The U.S. Securities and Exchange Commission (SEC) is working to get some cryptolending companies properly registered if they operate more as investment firms, the head of the Wall Street regulator told CNBC in an interview Thursday.
SEC Chair Gary Gensler also said it was up to large financial institutions to decide whether they want to include crypto options in their portfolios for clients, but that the risks of crypto tokens need to be made public.
"We have focused on this area because many of these firms...may well be investment companies taking hundreds of thousands or millions of customers funds, pulling it together, and then relending it while offering pretty high returns. Sounds a little like an investment company, or a bank, you might say," Gensler said.
"How are they doing that? What stands behind those promises? We're going to work with the industry to get these firms properly registered under the securities laws."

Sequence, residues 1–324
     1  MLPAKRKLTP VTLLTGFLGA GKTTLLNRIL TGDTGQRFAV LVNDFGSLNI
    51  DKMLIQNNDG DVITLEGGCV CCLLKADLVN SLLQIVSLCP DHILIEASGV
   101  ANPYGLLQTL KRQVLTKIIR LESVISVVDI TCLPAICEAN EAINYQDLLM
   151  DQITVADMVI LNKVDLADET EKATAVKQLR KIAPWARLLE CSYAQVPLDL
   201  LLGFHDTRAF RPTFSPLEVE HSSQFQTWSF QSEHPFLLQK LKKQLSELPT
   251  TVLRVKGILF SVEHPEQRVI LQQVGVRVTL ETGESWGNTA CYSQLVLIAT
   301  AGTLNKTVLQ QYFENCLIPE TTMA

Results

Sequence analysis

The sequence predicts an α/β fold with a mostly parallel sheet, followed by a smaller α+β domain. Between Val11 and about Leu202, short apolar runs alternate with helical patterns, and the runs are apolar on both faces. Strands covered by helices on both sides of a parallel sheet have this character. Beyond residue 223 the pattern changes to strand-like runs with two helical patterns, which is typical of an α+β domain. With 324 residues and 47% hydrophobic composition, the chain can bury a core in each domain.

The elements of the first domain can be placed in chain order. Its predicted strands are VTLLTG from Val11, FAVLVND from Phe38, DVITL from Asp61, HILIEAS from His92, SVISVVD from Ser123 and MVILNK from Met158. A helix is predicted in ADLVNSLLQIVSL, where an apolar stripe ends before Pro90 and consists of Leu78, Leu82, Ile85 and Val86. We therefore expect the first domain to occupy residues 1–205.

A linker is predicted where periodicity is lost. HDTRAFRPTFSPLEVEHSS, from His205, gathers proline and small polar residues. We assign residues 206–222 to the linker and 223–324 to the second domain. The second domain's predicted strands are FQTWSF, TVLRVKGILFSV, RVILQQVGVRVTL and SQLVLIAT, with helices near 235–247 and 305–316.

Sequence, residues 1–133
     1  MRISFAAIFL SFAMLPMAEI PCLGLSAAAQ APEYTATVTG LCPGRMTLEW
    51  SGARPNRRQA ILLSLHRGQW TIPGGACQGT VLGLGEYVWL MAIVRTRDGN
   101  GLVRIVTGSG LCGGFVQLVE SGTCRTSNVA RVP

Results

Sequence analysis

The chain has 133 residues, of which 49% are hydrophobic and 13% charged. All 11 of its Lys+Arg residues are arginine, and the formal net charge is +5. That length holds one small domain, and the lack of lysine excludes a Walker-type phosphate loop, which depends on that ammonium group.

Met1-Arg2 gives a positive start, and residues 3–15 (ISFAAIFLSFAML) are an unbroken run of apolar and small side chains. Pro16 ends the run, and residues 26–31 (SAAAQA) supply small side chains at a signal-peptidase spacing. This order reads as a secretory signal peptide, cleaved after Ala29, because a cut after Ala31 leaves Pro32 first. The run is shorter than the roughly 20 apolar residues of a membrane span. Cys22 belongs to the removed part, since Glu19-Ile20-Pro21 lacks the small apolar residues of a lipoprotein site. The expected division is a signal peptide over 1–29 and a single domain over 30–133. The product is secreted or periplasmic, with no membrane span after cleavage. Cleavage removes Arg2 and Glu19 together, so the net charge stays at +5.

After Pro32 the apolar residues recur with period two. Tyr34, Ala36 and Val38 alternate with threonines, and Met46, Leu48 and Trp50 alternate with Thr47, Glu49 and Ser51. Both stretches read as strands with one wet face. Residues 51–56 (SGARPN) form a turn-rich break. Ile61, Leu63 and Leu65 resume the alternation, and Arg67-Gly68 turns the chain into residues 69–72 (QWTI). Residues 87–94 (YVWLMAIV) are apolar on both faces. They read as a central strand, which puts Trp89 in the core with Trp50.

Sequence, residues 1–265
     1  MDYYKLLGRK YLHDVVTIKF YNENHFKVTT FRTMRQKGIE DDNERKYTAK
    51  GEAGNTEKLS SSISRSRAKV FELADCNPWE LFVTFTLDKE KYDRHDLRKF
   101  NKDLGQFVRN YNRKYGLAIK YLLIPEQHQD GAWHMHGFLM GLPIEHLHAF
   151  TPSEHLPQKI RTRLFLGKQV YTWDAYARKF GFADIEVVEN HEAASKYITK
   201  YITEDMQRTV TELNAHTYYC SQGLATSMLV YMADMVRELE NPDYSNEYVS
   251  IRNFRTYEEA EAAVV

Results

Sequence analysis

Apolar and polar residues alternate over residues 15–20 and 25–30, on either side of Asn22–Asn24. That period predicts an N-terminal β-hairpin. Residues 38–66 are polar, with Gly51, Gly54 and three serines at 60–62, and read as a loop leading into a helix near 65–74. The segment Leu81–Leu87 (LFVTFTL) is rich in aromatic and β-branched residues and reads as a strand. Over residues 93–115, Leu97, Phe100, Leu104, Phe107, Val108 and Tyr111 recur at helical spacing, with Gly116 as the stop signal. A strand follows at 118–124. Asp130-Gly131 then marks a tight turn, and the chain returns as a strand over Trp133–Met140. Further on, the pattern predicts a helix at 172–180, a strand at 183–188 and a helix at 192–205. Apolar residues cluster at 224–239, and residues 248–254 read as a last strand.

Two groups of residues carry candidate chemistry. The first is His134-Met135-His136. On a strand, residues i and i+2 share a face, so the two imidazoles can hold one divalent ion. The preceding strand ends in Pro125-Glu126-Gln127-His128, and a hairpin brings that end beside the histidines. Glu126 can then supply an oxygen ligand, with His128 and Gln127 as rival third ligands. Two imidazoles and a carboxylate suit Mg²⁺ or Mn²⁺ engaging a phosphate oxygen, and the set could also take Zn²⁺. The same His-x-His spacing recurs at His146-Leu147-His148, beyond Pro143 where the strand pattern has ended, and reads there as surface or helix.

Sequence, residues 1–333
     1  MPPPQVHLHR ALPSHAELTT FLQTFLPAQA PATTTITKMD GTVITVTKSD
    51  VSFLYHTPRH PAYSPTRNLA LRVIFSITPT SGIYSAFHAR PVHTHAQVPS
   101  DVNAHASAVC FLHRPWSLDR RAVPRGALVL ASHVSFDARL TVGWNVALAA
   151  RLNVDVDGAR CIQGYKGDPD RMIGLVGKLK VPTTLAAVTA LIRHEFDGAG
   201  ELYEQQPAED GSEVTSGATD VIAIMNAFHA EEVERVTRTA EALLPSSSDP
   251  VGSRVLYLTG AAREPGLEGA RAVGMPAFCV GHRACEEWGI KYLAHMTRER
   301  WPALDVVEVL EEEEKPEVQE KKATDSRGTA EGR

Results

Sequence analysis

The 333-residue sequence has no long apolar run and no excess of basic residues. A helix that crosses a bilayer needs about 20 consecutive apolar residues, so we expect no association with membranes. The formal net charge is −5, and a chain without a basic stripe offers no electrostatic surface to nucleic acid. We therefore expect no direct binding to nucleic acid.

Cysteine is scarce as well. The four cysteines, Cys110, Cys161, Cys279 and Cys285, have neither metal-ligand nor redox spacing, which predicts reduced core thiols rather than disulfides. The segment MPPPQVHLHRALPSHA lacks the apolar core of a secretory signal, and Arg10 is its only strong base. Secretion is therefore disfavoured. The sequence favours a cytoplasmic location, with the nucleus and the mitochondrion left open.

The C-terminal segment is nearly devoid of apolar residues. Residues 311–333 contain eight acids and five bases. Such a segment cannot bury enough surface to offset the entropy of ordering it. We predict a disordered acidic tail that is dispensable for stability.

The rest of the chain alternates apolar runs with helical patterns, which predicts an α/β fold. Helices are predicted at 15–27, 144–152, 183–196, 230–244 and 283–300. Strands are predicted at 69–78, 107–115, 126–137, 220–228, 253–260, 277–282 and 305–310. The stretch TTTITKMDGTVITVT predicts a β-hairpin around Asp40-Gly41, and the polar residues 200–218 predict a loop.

Cryptocurrency companies have said they remain unsure of U.S. regulations governing products that allow customers to earn interest on holdings instead of trading them.
Focus on crypto markets has intensified again since May amid recent spells of volatility that has long-alarmed watchdogs.
Several crypto lenders have stumbled in recent weeks amid slumping crypto prices. Celsius Networks has filed for bankruptcy. BlockFi signed a deal with FTX that gives the crypto exchange the option to buy BlockFi for up to $240 million.
Companies exposed to cryptocurrencies have previously warned that declines in token prices could have ripple effects, including by triggering margin calls.
Meanwhile, as the U.S. Federal Reserve has begun hiking rates to combat inflation, investors have fled crypto markets.
Thursday's comments follow Gensler's repeated statements that in his view some crypto trading platforms may meet the definition of "securities" and should be traded and regulated as such.
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